Chronic kidney disease
Chronic kidney disease (CKD) is a long-term condition where the kidneys don't work as well as they should.
It's a common condition often associated with getting older. Anyone can getit, although it's more common in black people andpeople of south Asian origin.
CKD can get gradually worse over time and eventually the kidneys may stop working altogether, but this is uncommon.Manypeople with kidney disease are able to live long, largelynormal lives.
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There are usually no symptoms of kidney disease in the early stages. It may only be picked up if blood or urine tests carried out for another reason detect a possible problem with your kidneys.
When it reaches a more advanced stage, symptoms can include:
See your GP if you have persistent or worrying symptoms that you think could be caused by kidney disease.
Often it's the result of a combination of different problems.
CKD can be caused by:
You can help prevent CKD by making healthy lifestyle changes and ensuring any underlying conditions you have are well controlled.
CKD can be diagnosed using blood and urine tests. These tests are used to look for high levels of certain substances in your blood and urine that are signs your kidneys aren't working properly.
If you're at a high risk of developing kidney disease for example, you have one of the conditions mentioned above you may be advised to have regular tests to check for CKD so it's picked up at an early stage.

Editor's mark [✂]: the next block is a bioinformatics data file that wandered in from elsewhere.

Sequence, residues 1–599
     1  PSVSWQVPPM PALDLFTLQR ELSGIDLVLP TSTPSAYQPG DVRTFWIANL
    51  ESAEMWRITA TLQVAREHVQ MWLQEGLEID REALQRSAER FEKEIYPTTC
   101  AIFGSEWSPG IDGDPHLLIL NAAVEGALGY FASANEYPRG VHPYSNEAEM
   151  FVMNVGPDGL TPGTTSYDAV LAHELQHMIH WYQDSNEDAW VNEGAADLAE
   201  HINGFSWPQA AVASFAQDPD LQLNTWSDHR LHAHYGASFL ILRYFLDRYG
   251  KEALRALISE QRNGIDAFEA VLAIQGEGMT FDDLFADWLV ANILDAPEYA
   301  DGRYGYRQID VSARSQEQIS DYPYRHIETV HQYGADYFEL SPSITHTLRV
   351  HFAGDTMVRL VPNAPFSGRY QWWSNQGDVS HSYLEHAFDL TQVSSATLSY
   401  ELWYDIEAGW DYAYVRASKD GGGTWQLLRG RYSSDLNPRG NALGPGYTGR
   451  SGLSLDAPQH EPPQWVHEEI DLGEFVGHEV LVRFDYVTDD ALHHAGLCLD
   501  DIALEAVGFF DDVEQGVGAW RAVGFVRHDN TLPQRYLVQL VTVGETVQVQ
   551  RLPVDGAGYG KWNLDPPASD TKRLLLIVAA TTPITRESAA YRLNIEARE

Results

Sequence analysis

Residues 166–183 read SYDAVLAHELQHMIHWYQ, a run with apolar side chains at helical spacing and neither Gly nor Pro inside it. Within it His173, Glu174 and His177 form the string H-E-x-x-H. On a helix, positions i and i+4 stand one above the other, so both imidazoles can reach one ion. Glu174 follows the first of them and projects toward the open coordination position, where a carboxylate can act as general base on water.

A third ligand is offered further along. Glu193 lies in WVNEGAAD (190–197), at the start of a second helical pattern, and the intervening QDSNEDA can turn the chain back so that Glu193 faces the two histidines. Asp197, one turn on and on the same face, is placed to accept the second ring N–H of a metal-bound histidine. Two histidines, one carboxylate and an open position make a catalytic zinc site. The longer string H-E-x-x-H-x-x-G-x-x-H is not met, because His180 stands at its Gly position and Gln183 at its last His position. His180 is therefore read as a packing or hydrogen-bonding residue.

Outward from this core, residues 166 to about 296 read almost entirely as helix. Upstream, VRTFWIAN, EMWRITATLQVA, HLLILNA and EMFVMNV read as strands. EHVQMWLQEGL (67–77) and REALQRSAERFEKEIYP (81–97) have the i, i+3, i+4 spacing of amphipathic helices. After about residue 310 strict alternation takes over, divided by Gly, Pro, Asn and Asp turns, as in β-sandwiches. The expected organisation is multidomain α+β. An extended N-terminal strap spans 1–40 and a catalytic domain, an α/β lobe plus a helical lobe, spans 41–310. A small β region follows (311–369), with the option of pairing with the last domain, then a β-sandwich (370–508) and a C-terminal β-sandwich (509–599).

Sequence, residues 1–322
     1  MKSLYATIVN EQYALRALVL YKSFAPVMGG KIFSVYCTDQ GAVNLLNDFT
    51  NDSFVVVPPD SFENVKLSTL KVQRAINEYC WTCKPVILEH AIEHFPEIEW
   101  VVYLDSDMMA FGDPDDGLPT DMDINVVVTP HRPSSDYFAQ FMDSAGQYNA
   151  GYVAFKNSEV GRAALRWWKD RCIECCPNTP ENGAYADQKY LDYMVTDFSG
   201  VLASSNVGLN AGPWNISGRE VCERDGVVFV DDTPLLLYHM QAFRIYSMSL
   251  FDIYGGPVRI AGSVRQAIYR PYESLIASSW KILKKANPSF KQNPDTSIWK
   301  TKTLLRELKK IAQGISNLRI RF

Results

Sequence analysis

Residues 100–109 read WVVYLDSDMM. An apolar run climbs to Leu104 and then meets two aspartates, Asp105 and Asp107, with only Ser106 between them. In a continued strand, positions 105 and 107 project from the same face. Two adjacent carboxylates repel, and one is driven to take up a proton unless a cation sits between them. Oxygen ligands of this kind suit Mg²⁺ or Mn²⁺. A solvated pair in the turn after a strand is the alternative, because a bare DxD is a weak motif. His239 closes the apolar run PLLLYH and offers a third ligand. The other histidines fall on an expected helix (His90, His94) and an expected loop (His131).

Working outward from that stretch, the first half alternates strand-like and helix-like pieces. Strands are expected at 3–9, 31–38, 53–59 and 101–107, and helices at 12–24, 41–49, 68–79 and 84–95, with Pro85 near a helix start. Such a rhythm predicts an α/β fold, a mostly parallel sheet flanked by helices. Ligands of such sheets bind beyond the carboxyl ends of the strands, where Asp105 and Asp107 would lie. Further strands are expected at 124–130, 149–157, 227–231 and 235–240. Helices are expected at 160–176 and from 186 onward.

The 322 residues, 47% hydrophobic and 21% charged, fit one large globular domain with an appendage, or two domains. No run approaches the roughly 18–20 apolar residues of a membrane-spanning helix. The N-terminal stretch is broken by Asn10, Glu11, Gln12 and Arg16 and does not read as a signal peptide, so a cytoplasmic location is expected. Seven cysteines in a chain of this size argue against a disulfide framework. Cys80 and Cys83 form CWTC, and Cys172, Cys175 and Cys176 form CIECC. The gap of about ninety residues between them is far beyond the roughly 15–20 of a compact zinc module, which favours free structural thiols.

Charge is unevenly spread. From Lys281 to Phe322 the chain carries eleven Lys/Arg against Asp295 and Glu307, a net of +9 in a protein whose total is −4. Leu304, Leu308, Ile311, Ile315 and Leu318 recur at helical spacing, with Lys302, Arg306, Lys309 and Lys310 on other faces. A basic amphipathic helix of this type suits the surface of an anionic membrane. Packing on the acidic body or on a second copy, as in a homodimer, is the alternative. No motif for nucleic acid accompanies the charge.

The results of your blood and urine tests can be used to tell the stage of your kidney disease. This is a number that reflects how severe the damage to your kidneys is, with a higher number indicating more serious CKD.
CKD only progresses to kidney failure in around1 in 50 people with the condition.
But if you have CKD, even if it's mild, you're at an increased risk of developing other serious problems, such as cardiovascular disease . This is a group of conditions affecting the heart and blood vessels, which includes heart attacks and strokes .
Cardiovascular disease is one of the main causes of death in people with kidney disease,although healthy lifestyle changes and medication can help reduce your risk of developing it.
Find out what chronic kidney disease (CKD) is, including what the symptoms are, how it's diagnosed and how it can be treated.
Find out about the main symptoms of chronic kidney disease (CKD) and when to get medical advice.
Find out how chronic kidney disease (CKD) is diagnosed, who should get tested and what the stages of CKD mean.
Find out about the main treatments for chronic kidney disease (CKD), including lifestyle changes, medication, dialysis and kidney transplants.
Read advice about living with chronic kidney disease (CKD), including how to keep yourself as healthy as possible.
Read about what you can do to reduce your risk of developing chronic kidney disease (CKD).
Read about how Peter Wilkinson's immune system started to attack his own kidneys, leading to chronic kidney disease.
Diabetes left Kalwant in need of a new kidney and pancreas. After only a month on the transplant list, she was lucky enough to be given a new lease of life.
Mohamed Nanji's kidney problems started when he was a teenager in Kenya. After a successful transplant, he's able to lead a more normal life again.